Most Recent Publication
Skin Sensor Patch
Bioresorbable Electronics | Advanced process for bioresorbable materials yields the highly functional integrated system that consists of thermal actuators, lipid membranes and wireless power supplies that can completely dissolve in physiological conditions. The result is an implantable drug delivery vehicle that is capable of releasing drugs on-demand in a controlled fashion and disappearing in the body after the mission is completed.
Conformal Nanosensors | These devices use silicon nanomateirals and ultrathin layouts to serve as active semiconducting elements and device platforms, respectively. The result is an highly sensitive soft nanoelectronics that enable to form intimate, conformal contacts with uneven surface of fingertip as an example.
Skin-like Wearable Devices | This advanced multifunctional device involves a stretchable electronic system that is equipped with tri-axis accelerometers, temperature sensors, a Bluetooth low-energy communication system and a battery, all connected in a format of islands/serpentine interconnectors. Incorporation of human skin-like colors, textures, and other features modulate the physical appearance and aesthetics of the entire system.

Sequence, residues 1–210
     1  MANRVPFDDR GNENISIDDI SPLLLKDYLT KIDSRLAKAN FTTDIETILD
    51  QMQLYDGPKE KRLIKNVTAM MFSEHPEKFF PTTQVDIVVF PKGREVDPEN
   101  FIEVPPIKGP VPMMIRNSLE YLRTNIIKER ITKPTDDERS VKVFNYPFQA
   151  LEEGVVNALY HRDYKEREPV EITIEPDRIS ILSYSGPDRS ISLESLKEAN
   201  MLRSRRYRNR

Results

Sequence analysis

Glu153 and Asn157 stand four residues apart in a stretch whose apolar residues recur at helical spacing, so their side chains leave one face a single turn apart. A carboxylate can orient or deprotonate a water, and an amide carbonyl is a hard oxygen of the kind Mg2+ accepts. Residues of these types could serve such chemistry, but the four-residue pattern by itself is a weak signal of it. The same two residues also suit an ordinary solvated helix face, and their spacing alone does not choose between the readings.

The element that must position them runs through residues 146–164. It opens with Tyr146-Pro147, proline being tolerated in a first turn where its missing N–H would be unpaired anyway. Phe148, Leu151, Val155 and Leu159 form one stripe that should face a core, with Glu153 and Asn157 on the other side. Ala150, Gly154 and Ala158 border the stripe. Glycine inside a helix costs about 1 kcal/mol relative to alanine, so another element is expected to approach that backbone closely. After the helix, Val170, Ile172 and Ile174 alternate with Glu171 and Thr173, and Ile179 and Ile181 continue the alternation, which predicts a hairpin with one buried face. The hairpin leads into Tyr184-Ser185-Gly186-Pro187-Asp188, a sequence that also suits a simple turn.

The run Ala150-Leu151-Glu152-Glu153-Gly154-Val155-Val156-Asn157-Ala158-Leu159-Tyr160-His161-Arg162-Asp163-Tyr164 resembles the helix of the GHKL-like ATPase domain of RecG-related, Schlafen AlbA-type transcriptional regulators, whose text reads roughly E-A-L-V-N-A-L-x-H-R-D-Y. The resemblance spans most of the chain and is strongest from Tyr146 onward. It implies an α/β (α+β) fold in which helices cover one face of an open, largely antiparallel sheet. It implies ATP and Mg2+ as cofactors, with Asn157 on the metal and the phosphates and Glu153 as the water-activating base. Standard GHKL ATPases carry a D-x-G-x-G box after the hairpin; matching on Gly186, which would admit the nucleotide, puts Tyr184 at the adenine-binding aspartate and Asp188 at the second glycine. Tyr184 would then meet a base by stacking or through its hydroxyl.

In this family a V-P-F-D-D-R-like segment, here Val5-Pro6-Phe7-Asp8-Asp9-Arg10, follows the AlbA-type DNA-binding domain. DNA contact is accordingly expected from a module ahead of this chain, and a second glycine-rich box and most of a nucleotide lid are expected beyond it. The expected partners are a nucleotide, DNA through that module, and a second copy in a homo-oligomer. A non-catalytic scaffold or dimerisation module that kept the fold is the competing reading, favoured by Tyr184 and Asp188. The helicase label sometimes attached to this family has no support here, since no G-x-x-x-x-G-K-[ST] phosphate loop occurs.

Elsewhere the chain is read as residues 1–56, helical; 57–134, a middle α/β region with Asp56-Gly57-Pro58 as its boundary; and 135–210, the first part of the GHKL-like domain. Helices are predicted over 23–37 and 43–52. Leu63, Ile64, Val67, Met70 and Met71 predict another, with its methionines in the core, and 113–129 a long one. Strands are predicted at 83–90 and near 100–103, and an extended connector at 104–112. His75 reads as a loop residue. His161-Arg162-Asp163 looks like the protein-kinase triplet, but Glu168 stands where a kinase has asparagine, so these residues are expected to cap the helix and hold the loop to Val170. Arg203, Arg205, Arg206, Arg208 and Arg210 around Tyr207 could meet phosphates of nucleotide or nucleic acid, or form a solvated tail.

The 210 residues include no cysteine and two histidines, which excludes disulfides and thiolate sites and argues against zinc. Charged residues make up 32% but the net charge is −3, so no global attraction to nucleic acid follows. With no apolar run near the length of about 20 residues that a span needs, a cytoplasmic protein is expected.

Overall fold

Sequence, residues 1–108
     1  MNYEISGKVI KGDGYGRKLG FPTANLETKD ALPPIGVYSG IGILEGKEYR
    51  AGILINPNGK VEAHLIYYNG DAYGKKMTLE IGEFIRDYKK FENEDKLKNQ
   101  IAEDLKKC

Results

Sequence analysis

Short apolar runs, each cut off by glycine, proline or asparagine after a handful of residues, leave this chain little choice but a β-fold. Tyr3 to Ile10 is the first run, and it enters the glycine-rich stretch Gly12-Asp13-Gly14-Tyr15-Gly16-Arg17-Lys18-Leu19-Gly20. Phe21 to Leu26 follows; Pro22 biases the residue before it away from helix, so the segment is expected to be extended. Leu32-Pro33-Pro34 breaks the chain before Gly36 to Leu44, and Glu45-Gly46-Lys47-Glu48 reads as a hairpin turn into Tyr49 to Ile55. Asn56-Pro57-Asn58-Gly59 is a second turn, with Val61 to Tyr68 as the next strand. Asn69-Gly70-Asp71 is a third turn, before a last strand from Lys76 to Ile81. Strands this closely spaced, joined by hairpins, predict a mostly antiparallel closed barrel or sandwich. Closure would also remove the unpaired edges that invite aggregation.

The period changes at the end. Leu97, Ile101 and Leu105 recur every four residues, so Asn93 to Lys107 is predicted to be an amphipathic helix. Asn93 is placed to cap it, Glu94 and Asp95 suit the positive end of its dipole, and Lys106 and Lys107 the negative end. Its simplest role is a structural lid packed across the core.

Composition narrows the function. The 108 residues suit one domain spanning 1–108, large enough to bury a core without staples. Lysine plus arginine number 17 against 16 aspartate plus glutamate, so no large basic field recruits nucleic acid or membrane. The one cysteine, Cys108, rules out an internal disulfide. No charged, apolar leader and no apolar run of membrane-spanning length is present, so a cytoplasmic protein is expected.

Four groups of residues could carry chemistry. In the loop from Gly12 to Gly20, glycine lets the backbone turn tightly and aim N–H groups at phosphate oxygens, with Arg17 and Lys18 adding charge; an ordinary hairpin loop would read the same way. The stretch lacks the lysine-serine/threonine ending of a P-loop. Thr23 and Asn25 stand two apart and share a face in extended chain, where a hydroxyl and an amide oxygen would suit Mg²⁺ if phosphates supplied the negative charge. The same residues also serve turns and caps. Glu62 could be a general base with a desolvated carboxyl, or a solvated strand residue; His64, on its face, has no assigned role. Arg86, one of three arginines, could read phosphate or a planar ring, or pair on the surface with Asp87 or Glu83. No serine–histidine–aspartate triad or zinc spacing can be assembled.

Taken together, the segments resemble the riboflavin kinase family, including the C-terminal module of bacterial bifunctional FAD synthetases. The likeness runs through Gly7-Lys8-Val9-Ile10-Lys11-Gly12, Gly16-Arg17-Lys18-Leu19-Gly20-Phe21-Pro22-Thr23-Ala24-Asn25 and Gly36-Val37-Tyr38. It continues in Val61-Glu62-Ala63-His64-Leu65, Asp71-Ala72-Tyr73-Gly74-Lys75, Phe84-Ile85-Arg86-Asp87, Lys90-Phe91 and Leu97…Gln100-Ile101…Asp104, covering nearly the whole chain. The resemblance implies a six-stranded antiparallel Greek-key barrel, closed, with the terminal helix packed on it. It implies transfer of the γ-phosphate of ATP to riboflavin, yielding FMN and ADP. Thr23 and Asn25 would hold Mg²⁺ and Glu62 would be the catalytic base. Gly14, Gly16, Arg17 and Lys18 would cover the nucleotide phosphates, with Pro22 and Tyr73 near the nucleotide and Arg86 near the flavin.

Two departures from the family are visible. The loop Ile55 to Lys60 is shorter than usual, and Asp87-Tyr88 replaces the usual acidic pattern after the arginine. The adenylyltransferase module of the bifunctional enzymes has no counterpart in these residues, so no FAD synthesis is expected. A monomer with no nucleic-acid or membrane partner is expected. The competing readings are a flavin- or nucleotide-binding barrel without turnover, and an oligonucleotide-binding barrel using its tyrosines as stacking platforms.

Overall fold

Water strider-like Sensors | Novel nanofabrication technique allows to create an ultrathin, ultralight and waterproof sensor that can easily float on the surface of water, just like water-strider insects. Envisioned applications of these types of ‘water strider-like electronics’ include environmental monitors for pollutants on lake and river through the years.
Three-Dimensional (3D) Nanoelectronics | Advanced nano-engineering techniques allow to build conformable nanoelectronics that can integrate with 3D surfaces of arbitrary. The results present a novel class of biomedical sensors and stimulators that enable to efficiently access to the biology from multi-dimensional perspectives.
Paper Solar Cells | Realization of novel nanomanufacturing technique yields paper-based solar cells in layouts that place functional hydrogenated amorphous silicon thin film solar cells on a sheet of paper, represented by the World cheapest and lightest substrates. This approach provide a general route to reduce cost and weight of thin film electronics.
The Lee Research Group focuses on novel engineering approaches to develop various types of soft bioelectronics including flexible, stretchable, and ultrathin bio-electronics. The plural developing devices in the group include various skin-mountable biomedical sensors, eye-wearable therapeutic devices, bio-integrated nano-electronics, reconfigurable three-dimensional bio-electronics, and miniaturized wireless wearables for small animals. These efforts are also dedicated to exploring fundamental studies at the unique interface between the mechanically soft electronics and biology from highly multidisciplinary perspective. We envision these innovative researches that will serve our society with new technologies.
Contact Info. Prof Chi Hwan Lee, Email: firstname.lastname@example.org, Tel: +1 (765) 494-6212
Office: Martin C. Jischke Hall, Room 2086
206 S. Martin Jischke Drive. West Lafayette, IN 47907-2032 U.S.A.
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